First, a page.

Delaughter: Harris County, Texas has some of the highest DWI fatality rates in the country. What's the story behind those numbers, and basically why does it happen so much here in the Houston area?
Samuels: It's really not unusual that it has a high number of DUI fatalities because it is so large and heavily populated. And there's a lot more to do in Houston, than maybe like Beaumont or Huntsville. And so there are a lot of places where as a liquor store may close at 9:00 p.m. in Huntsville and there's nothing else to do. [In Houston] there are bars, there are clubs, there are places that will continue to serve you alcohol until 2:00 a.m. and actually that's the deadliest hour of the day for DUI's.
Delaughter: Why do people get behind the wheel when they're impaired? They know what the law says, they know what the consequences are, but people do it anyway. Why do they do it?
Samuels: You know there are several reasons that we hear. A lot of it is, they feel they can do it. I really don't think that people arrested for DUI, that's their first time driving drunk. It may be the first time that they're getting caught. So it's something that they've done before, that they've gotten away with, and they continue to do it until the consequences actually catch up with them.
Delaughter: If that is something you talk about all the time is drunk driving, buzz driving- I mean basically how drunk is "drunk."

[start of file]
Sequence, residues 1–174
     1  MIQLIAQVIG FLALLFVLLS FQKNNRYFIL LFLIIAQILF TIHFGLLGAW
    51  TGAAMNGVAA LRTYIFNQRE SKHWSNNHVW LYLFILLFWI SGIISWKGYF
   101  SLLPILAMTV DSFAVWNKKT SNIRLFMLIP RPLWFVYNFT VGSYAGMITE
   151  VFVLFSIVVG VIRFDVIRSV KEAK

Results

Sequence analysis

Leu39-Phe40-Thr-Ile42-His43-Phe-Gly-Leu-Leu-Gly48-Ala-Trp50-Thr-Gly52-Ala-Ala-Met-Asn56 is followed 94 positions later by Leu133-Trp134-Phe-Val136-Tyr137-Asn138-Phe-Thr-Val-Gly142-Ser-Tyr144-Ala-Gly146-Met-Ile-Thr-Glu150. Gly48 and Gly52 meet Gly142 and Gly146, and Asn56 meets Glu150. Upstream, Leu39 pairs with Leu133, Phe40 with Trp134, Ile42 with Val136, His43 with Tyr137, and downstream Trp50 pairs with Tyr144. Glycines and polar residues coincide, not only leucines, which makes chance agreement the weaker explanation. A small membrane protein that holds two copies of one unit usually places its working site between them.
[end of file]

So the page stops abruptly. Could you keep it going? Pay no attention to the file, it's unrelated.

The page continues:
Samuels: Well, .08 of course is the legal limit for blood alcohol content but you certainly can be arrested for less. That is up to law enforcement. And you can exhibit signs of drunken behavior under .08.
Delaughter: As for the cost to the individual, there was a time when a first-offense DWI may not have been that big of a deal. But now if you're busted for driving drunk, and it's your first offense, you're going to get hauled in, and it's going to cost a lot of money. What are the costs of even a first-offense DWI, if it's never happened before?
Samuels: The first offense can cost you up to $17,000. And it's something that we like to drive home because first of all, thank goodness, if you're involved in something like that, you're still alive to face the $17,000 and you haven't killed anyone. You're going to pay court costs, you're going to pay towing fees. If your car is wrecked, insurance will have to kick in. You're going to miss work because you're going to be in court. There are a lot of different things that come into play. I certainly don't have $17,000 to spend just because I got behind the wheel after drinking.
Delaughter: How are we starting to see attitudes change when it comes to driving drunk, and someone who's been drinking at your home or your place of business, basically how that's handled?
Samuels: I think that it's no longer cool to be drunk or buzzed, because there are so many instances where people get behind the wheel, and while they may not be injured, they're killing or seriously injuring someone else. There are so many other avenues they can take to get home. You can take a cab, you can ride a bus, you can sleep it off where you are. The actual message behind Summer P.A.S.S., which is what we're promoting, is to have a person appointed to stay sober. So before you even go out, make that decision to have someone who is going to not drink. And the person appointed to stay sober is not the person who has had the least amount of drinks. The person appointed to stay sober is someone who is [drinking] water, Coke, anything that's not an alcoholic beverage.